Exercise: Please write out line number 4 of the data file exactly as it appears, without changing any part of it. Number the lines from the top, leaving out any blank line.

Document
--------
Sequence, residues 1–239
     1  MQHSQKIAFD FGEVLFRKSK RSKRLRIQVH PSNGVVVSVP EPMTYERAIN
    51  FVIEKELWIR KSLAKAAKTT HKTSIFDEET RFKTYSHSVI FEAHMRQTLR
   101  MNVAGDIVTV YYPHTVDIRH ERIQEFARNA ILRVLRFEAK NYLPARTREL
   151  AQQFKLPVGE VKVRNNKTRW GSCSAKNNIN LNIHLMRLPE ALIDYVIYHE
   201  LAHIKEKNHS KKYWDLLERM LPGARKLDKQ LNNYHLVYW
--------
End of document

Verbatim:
   101  MNVAGDIVTV YYPHTVDIRH ERIQEFARNA ILRVLRFEAK NYLPARTREL